Quality baseball coaching is few and far between, which is why seeking multiple sources when you want your kid to get good information is imperative. When it is time to get on the field and if you’re going to pay the fees, might as well know the signs of what’s good and what’s bad when it comes to training.
If your kid comes home with an aching arm three weeks in a row and the manager or the coach acts like it’s your fault, this is a red flag. You are entrusting your young player with these people, if they don’t have enough sense to put your kid on the field safely, you’ve got a problem. If you catch shade from them and not an open, honest discussion about what’s happening at practice, pull your kid out right away and find another training program.
Drills, drills, and more drills – they are the cornerstone of training. Proper hitting, catching, throwing, running, every role on and off the field is unique and has its own rules and traditions. Maybe the training staff is not the best, but mechanics are mission critical, there’s just no way around it. If what’s being taught is your coach’s personal pitching strategy from the late 80s then get out of there! Negligence and greed are horrible teachers. Ask the staff if they are showing video analysis to the players, and what they’ve been reading. If they don’t know what “arm lag”is, you are getting some pretty bad coaching.
Practices are Far from Perfect
Doing repetitive drills over and over again can feel stagnant, and it takes good training to make it feel like something other than a hamster wheel. Assistant coaches and managers should work with the coach to obliterate any stagnation when it comes to practices, the whole thing needs to be a well-oiled machine. Practices need to start on time, run like clockwork and end on time. Under NO circumstances (emergencies are obviously okay) should a coach ever leave practice early, this is a no-no and another red flag, showing that the kids and the game don’t have priority.
Willingness to Change
You should see your kid learning stuff that’s new and interesting about the game every week. Training should involve multiple strategies for game play, finding new ways to do old things, that’s part of the fun of baseball! You’re looking for flexibility and understanding, not rigid boring practices that feel about as fun as washing dishes or sweeping the floor. Training is about honing and helping skills blossom into full blown talent. A good training program consists of staff that knows how important they are to this development. The best kinds of teachers are the ones who know that they also have room to learn, that they are also capable of being taught, even by those they teach. Are your coaches willing to learn and to change?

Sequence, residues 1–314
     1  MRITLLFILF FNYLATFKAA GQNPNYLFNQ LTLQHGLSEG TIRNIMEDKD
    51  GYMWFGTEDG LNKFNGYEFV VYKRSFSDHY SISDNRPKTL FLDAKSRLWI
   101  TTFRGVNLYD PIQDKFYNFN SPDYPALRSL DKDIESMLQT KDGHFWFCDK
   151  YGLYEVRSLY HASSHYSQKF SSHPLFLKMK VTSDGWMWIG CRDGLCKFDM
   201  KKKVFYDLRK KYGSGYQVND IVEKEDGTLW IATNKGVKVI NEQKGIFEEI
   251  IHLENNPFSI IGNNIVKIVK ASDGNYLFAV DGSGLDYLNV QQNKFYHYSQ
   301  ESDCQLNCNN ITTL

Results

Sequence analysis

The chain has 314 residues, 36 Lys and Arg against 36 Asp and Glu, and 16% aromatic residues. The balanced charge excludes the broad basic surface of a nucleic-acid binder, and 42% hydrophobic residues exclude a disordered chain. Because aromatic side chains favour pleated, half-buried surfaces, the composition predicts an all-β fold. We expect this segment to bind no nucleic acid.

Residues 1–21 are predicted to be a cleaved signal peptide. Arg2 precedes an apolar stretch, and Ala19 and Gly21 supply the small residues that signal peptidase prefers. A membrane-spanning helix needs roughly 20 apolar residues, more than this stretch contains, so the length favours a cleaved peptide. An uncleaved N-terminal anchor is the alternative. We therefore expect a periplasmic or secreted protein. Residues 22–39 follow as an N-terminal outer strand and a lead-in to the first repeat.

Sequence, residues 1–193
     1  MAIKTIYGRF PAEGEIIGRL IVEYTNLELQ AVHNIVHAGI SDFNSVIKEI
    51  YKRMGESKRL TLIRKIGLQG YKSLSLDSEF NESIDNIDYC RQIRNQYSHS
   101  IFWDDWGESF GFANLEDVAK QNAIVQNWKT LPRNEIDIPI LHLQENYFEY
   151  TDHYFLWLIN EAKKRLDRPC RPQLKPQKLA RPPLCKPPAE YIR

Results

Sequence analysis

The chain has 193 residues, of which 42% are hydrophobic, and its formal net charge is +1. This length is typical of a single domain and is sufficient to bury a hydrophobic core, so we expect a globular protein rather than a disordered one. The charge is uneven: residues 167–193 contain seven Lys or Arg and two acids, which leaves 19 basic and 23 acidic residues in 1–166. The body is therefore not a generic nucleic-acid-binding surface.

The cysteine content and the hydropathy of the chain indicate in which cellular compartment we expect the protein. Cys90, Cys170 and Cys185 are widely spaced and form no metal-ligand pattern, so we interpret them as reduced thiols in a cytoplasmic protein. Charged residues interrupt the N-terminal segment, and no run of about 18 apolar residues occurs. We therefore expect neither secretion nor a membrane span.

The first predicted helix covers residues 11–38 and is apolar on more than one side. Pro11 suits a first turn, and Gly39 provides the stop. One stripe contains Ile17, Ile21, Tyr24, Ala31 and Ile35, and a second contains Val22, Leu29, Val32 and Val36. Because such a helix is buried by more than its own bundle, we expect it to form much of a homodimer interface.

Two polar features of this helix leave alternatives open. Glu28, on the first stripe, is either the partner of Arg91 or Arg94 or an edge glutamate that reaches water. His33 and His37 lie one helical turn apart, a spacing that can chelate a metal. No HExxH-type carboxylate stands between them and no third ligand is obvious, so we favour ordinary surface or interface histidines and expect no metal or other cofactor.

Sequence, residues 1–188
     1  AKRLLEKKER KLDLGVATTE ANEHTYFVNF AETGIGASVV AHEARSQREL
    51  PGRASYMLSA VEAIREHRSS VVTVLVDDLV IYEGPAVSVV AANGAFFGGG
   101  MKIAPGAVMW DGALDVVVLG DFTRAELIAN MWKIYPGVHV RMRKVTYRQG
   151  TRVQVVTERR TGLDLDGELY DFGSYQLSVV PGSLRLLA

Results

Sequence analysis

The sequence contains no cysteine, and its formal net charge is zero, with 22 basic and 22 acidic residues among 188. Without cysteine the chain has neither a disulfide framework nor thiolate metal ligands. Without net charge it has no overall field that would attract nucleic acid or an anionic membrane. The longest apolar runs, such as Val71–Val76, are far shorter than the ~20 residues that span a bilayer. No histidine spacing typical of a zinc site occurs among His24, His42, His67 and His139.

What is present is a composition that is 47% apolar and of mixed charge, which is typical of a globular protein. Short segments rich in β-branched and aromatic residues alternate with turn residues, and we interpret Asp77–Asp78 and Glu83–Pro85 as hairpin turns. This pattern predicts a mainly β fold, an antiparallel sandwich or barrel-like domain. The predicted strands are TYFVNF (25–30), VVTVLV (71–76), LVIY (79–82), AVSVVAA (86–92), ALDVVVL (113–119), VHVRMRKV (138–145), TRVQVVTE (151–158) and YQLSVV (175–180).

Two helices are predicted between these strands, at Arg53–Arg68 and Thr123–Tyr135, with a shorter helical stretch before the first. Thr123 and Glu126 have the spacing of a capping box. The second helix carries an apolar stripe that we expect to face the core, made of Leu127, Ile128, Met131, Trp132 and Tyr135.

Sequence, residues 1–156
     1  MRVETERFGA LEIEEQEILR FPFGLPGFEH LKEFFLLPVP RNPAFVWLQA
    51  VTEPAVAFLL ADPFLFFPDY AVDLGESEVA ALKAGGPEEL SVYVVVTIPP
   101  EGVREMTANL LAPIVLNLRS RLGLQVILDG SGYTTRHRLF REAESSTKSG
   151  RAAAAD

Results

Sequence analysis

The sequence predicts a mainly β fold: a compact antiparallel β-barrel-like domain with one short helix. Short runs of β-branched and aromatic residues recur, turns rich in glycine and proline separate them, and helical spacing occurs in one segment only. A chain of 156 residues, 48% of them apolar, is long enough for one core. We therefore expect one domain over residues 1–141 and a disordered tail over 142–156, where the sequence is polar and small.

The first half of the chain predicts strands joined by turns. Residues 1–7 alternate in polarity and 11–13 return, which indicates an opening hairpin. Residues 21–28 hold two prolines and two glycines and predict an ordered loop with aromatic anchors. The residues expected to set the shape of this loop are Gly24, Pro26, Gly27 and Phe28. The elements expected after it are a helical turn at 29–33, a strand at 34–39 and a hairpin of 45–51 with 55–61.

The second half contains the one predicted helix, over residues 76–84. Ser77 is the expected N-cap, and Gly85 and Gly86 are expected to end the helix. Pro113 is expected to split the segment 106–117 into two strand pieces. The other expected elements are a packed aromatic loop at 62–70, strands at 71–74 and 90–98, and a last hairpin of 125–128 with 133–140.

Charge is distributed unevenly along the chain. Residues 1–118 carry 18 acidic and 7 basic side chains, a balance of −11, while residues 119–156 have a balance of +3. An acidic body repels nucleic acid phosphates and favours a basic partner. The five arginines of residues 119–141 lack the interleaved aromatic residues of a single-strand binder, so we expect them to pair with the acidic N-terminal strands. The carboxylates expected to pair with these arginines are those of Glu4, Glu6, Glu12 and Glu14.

You should have to attend meetings and sign clear concise contracts with the coach and the league. If you’re confused about where you need to be, what you need to do and what you need to pay for practices, training, gear and other expenses, and you’ve asked more than once, this is unacceptable. Tasks need to be delegated to parents and volunteers, practices and meetings need to start on time, and everyone needs to be held accountable, this is one of the hallmarks of a good training program.
What’s the Word?
Sure, kids are going to complain about practices, that’s the good ol’work ethic in place that baseball teaches. But are they complaining because their coach is tough (yet brilliant) or is their coach actually pretty crappy? Do you see a slow but steady list of good people and businesses affiliated with this team? There’s a difference between motivating kids with tough words and being outright abusive. Shop around and find training staff that has the respect of your community, they will know what you’re getting into and can give you great advice.
Parents and staff alike, as well as players, can make a cesspool out of game politics. Training for young athletes should have NO distractions from gossip such as who thinks what about whom, who are the fair-weather parents, who stole the new baseball glove, who missed two practices without warning, or which jealous fans are again accusing the coach of playing favorites. None of this has anything to do with the game, so any kind of baseball training that lets any of this stuff in is not a good training program.
The best training is not just the batting practices and routines before games. It should cover strength and conditioning activities that can be done throughout the whole year, not just around the baseball season. Typically good baseball coaches are very conscious of which part of the body must be developed more, for what reason, and how. Major league even includes meditation programs for their players for the mental awareness training. So look for the full program. Granted that is a lot to ask for at youth baseball level, but guess what, it takes a lot to be the best!